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the RLC on the midrange is attenuating it by increasing the impedance? if so, what is the advantage/disadvantage of that approach as compared with the L-pad or simple series resistors? I assume with an increased impedance, one gets the attenuation, but without having to dissipate heat from flowing current? if so, why wouldn't that same approach be used on the hf? is it because the amount of current is less and no change in the frequency response itself is desired? and last question, could a similar RLC circuit (but with different parameters) be used to attenuate the bump around 3khz if this were a purely passive design?
 

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Yes, the series RLC network is attenuating level by increasing impedance. It is more efficient then just a series resistor because the capacitor and inductor increase impedance without having to dissipate the current that does flow through them. For this filter imagine the inductor giving a lowpass around 800hz and the capacitor a highpass around 2.5k, the resistor only has to fill in the gap between the two. Another advantage is the minimal reduction in energy below 500hz which is where most of the energy will be wasted if using a series resistor.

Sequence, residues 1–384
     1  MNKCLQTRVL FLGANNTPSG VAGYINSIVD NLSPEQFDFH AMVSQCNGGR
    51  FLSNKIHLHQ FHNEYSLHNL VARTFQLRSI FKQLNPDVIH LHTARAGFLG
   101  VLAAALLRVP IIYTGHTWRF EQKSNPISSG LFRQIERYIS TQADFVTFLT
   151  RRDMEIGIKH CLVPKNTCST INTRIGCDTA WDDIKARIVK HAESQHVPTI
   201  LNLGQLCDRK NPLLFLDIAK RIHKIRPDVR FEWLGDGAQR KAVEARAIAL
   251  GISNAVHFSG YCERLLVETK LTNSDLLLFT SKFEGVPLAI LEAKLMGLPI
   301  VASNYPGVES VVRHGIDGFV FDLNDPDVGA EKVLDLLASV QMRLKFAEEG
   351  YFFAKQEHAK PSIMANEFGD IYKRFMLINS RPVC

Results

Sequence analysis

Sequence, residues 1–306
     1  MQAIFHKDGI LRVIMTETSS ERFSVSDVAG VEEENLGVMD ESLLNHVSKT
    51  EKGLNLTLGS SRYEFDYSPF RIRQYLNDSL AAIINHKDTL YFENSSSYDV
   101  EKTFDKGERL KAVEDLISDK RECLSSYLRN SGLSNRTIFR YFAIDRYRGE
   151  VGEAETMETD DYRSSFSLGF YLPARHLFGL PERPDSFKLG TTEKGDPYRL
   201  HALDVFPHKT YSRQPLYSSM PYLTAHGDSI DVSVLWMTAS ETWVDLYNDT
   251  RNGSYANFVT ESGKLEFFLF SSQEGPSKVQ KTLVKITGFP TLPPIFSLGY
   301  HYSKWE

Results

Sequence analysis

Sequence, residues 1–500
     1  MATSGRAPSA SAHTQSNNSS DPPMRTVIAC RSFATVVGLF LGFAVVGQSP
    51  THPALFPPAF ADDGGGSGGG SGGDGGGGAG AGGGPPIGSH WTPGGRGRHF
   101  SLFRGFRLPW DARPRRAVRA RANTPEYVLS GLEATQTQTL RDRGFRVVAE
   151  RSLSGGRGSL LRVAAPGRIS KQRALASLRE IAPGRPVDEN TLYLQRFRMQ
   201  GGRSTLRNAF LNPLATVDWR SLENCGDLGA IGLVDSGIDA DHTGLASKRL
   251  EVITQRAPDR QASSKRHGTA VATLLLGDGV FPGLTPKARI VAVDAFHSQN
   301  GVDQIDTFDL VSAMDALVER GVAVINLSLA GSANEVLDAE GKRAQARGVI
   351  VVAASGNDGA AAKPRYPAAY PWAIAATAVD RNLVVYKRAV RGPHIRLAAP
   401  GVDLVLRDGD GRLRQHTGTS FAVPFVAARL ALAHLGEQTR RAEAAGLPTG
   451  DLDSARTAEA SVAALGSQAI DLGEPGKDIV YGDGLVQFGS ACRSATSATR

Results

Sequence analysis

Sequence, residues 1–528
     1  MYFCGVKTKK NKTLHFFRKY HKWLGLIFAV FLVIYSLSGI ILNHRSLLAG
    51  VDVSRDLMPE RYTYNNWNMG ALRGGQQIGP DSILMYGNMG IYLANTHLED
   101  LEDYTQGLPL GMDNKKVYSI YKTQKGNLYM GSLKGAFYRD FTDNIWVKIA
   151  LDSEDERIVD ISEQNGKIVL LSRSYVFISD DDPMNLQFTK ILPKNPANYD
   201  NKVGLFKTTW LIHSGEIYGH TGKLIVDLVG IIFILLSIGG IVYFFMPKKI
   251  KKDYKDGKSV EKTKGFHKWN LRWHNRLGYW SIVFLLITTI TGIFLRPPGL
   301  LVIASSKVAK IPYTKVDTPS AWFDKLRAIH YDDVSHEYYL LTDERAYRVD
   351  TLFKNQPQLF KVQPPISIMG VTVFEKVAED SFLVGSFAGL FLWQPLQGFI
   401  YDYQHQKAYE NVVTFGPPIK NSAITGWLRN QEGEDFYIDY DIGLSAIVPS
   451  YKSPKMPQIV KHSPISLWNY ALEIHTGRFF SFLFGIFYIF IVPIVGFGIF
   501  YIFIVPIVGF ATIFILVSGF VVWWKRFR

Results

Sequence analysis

It is possible to do something similar with the HF unit but very little energy is in the range above 6k so to me it is not worth the added expense or complexity.

Yes another RLC network (maybe parallel this time) could be used as a notch to knock out the bump at 3k.


Or: https://lh6.googleusercontent.com/-911Y0OzGD3k/VV6vWr8PhMI/AAAAAAAABtU/xir32iQznwU/w1598-h999-no/Full%2Bpassive.png
 

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Discussion Starter #472
Here is one to try, pads midrange without having the resistors suck all the power from the lower frequencies. Note 4ohm/8ohm l-pad on HF is same on both.






You will have to go in and make some adjustments to the EQ but overall a more linear shape to the response besides a few dips and peaks to take care of with EQ.
Is a 2.2mH inductor ok for this? Parts-express doesn't have an even 2mH that I can find.